Sounds as if you experienced some very amped-up Christmases over the years -- and having done the drive from Ottawa to NB in summer once, I can't imagine doing it with carful of gifts and ski gear in winter!

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  7. You don't seem cavalier. If there is one awesome thing about retirement it's that you don't have to fit your day job into the holiday planning equation (or anything!). With all that time liberated, you can be organized AND have fun!

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    1. It's true! It's the first sane Christmas season in decades for me. Not sure how organized I'll be, but I'll do my best with the fun.

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  8. Like Sue , our Xmas is very relaxed . I buy for sisters & brothers in law - but we have an agreed limit of £10 , not easy but fun . Not many children now as we stop when they reach twenty one ( none of our own ) & , sad to say , all our oldies have gone . The family gathers for Xmas & Boxing Day & we all contribute food to ease the load . This year there will be six dogs & they have little presents to open too ! I know Mater , it's silly but we all love it :) Enjoy your own time before the rush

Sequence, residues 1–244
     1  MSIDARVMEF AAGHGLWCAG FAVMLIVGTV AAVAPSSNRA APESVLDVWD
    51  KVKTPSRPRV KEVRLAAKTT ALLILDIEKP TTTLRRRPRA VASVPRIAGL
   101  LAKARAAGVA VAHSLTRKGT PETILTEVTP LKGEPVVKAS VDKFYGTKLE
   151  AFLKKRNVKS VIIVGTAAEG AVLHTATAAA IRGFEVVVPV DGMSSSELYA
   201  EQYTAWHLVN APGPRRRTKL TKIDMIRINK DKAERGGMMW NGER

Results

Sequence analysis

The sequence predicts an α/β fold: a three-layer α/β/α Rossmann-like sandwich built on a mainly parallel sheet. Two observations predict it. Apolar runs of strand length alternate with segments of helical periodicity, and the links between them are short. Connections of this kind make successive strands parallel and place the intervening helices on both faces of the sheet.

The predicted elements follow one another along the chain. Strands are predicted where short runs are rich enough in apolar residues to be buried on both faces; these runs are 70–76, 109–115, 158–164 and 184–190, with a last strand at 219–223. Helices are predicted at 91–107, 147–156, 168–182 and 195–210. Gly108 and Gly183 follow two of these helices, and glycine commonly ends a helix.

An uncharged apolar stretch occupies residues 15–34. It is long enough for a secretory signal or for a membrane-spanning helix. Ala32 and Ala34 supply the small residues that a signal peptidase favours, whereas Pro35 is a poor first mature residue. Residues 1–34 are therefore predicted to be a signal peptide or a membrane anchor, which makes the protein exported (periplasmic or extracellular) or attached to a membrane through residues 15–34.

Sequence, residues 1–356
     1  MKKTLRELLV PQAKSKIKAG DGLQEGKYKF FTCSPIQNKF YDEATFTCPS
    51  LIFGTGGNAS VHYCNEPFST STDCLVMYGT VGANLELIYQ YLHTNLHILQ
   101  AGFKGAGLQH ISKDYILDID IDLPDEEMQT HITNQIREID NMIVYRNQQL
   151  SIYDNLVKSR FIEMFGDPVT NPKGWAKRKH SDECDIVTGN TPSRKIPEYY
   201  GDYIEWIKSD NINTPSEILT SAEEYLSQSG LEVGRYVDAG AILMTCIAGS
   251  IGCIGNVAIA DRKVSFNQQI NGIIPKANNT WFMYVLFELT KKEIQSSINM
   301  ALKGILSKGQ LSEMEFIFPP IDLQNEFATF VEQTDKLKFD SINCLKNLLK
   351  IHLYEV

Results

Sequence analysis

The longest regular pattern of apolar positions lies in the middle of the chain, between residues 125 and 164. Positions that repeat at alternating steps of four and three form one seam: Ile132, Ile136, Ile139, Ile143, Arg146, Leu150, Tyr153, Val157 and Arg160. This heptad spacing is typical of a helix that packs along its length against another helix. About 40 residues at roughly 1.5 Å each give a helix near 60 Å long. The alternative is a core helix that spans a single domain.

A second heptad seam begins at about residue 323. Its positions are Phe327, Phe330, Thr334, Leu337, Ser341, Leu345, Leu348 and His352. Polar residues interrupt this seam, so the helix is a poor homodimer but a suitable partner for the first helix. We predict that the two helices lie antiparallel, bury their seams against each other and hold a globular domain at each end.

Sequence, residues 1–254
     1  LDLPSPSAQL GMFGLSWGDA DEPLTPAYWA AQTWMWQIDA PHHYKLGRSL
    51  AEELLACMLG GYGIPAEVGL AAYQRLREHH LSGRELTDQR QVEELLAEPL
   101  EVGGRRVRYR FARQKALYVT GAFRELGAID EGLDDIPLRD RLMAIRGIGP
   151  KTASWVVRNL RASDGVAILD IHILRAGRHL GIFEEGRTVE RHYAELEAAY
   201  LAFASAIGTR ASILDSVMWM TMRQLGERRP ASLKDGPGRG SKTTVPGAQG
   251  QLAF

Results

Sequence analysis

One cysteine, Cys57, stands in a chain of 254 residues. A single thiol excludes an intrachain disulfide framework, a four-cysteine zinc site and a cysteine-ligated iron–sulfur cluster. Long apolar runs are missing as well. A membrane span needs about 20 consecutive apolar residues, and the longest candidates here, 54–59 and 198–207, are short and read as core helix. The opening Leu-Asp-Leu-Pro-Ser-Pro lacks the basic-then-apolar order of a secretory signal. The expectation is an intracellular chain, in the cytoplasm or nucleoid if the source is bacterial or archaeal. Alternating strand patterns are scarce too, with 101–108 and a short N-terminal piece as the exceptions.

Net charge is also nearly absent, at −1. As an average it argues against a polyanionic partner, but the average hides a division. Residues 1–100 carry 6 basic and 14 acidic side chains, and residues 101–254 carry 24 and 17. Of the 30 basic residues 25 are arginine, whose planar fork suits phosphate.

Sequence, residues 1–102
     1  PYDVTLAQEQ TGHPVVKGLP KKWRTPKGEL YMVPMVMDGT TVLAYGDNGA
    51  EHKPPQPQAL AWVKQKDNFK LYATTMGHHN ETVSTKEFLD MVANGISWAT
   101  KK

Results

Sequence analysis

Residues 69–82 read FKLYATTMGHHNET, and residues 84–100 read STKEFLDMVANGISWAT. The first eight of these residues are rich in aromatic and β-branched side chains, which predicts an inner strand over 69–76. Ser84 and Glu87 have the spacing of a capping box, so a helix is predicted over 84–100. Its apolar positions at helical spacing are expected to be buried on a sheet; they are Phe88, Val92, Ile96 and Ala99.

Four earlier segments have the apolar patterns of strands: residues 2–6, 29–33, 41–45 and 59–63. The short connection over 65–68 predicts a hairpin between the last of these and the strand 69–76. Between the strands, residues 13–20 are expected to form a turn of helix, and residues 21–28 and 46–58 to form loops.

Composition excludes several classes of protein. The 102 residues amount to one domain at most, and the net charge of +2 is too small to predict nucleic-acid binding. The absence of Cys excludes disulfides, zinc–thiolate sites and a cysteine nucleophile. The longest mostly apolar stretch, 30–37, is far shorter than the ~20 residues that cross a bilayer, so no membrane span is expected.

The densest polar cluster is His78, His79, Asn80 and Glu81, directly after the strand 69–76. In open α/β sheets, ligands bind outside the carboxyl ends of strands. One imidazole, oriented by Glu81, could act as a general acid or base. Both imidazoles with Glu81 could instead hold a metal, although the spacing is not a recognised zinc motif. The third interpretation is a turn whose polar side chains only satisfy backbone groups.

Wendy in York

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    1. Thumbs up for relaxed Christmases and for you Wendy and Susan :-)
      Dottoressa

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    2. We don't even buy for our siblings, only our immediate family, although my siblings do a fun exchange game (gifts under $15) for all who attend my sister's place on Christmas Eve. Sounds like a wonderful gathering at your place with some canine cacophony carolling up some extra joy -- why shouldn't they get little gifts, just to make the occasion more festive!

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    3. Must weigh in here and say... love that canine alliteration:)

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  9. I am trying to fit in my Xmas preparations with my classes and loads of papers to mark, and our holidays only begin on wednesday(!). (Not complainig, just trying to say that I am looking forward to the time when I have a choice as to how I spend my time, especially in this season.)
    You are doing the right thing, just enjoy!